5. Microsoft details tracking prevention improvements in the new Edge browser A while back, Microsoft announced that the new Chromium-based Edge browser was getting built-in tracking prevention, a feature that helped users manage how their activity on the web is tracked. It's been some time since then, and the company has detailed some of the improvements made to the experience with Edge version 79. This is the version that's currently in the Beta channel and set to be the first generally available version of the new browser. Microsoft said its goal with the new improvements was to simultaneously block more kinds of trackers while also ensuring as much compatibility as possible with the web. Blocking too many trackers can cause some sites to break, so a certain balance is necessary. Microsoft says it figured out a way to do this by measuring the user's engagement with organizations, so tracking prevention can be less strict when the user has a clear relationship with a website or organization. This helps users achieve better compatibility with websites they care about most, while blocking more trackers on websites they don't visit as often. Microsoft says that, by enabling this capability, called Org Engagement Mitigation, it actually blocked 25% more trackers on average, so the end result should actually be better for privacy-conscious users. However, if you really don't want any trackers, you'll be happy to know that this feature is only enabled for users that use the Balanced setting for tracking prevention in Edge. Users who opt into Strict mode will still block the maximum number of trackers regardless of their site and organization engagement. For InPrivate mode, Edge 78 initially set the tracking prevention mode to Strict at all times, but that's changing now since users were seeing some sites breaking because of it. InPrivate windows will now follow the same setting as regular browsing, but Microsoft is testing a new toggle in the Canary and Dev channels to allow users to continue using Strict mode for InPrivate browsing. For users who want to know more about which trackers Edge has blocked, there's also now a new page to view a list of blocked trackers and how many times each tracker was blocked. The list can be found in edge://settings/privacy/blockedTrackers. Source: Microsoft details tracking prevention improvements in the new Edge browser (Neowin)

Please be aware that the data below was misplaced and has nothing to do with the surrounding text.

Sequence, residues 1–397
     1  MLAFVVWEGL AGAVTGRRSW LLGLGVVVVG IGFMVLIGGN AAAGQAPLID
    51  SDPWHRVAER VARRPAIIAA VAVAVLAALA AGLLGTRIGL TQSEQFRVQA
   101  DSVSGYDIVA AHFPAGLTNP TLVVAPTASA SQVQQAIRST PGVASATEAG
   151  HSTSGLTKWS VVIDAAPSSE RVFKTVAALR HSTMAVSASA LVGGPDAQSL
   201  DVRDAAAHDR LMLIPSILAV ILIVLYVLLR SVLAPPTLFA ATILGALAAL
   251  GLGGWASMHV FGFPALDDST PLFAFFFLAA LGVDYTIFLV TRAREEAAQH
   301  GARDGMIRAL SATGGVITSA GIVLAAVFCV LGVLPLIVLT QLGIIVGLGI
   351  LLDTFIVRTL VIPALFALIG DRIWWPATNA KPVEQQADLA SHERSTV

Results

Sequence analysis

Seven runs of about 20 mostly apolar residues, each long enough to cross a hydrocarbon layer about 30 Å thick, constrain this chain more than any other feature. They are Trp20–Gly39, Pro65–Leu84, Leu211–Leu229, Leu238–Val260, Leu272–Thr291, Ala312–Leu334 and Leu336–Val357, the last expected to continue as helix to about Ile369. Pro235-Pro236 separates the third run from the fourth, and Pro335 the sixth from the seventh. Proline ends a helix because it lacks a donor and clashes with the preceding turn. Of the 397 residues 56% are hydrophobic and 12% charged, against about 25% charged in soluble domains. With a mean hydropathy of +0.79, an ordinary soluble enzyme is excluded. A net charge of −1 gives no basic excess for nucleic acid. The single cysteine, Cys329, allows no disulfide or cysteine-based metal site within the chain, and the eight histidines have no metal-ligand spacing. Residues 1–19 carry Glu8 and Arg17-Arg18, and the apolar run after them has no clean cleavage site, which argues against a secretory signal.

6. What's in the latest Firefox update? Firefox 69 thwarts web tracking by default for everyone Firefox 69 switches on the browser's anti-tracking technology by default for all users. Magdalena Petrova/IDG Mozilla on Tuesday released Firefox 69 with the browser's anti-tracking technology switched on by default for all users. The organization's security engineers also patched 20 vulnerabilities, one tagged "Critical" and 11 marked "High," the organization's two top threat ratings. The single critical flaw only affected Windows, Mozilla said in its patching commentary. Firefox 69 can be downloaded from Mozilla's site for Windows, macOS and Linux. Because it updates in the background, most users need only relaunch the browser to get the latest version. To manually update, pull up the menu under the three horizontal bars at the upper right, then click the help icon (the question mark within a circle). Choose "About Firefox." The resulting page shows that the browser is either up to date or explains the refresh process. Mozilla updates Firefox every six to eight weeks; it last upgraded the browser on July 9. You get ETP and you get ETP and ... Mozilla first turned on Enhanced Tracking Protection (ETP) in June, but at the time limited the setting to new-to-Firefox users. However, existing customers could flip the ETP switch themselves using the Preferences screen. With Firefox 69, Mozilla has enabled ETP for all users. By default, "Content Blocking" - the feature's name in Firefox's Preferences - is set to "Strict," the strongest protection available. Users can reset that to "Standard" or "Custom," or even turn off everything by clearing all choices in the latter. Mozilla said that prior to Firefox 69's debut, more than 20% of all Firefox users had ETP engaged, signaling that a significant number of existing users had manually enabled ETP in the past three months. "With today's release, we expect to provide protection for 100% of our users by default," wrote Marissa Wood, vice president of product at Mozilla, in a Sept. 3 post to a company blog. ETP has taken a crooked road to release. Tracing its linage to 2015's "Tracking Protection," Mozilla got serious about the concept two years ago, when it broke the technology out of the private-browsing bubble. In October 2018, it named the feature ETP and set Firefox 65, slated to release in January 2019, as the on-by-default target. Problems persisted, however - in several instances Mozilla said the technology was breaking too many sites - and delays were inserted for more testing. Finally, Mozilla used a "soft opening" for ETP in June, limiting the automatic on-by-default to new users as a final quality control check. Wood spelled out additional information about ETP in her Tuesday post. Mozilla All Firefox users now have the browser's anti-tracking feature switched on, set to the strongest protection. Changes can be made in the Preferences pane. Block this, block that Also in Firefox 69, Mozilla's developers enhanced the choices for autoplay, the habit by sites to immediately start playing video on the computer screen and blasting audio from its speakers. Firefox has automatically blocked autoplay of audio since March and version 66. Video with accompanying audio was also stopped from playing. But if a video provider muted the audio, Firefox let the former play. With Firefox 69, users can select "Block Audio and Video" to stop such video from automatically playing. That setting is at Preferences > Privacy & Security > Permissions > Autoplay > Settings > Default for all websites. This version of Firefox also took the next step in Mozilla's kill-Flash process. The browser lost the "Always Activate" option for Flash, meaning that every request to run the player software must be user approved. From this point forward, the only settings are "Ask to Activate," the default, and "Never Activate." This move was previously announced by Mozilla (check out the "Plugin Roadmap for Firefox" here) and should be the last step before all Flash support is yanked from non-enterprise copies. (The Extended Support Release, or ESR, will continue to support Flash until the end of 2020.) The next version of the browser, Firefox 70, should release Oct. 22. Source: What's in the latest Firefox update? Firefox 69 thwarts web tracking by default for everyone (Computerworld - Gregg Keizer)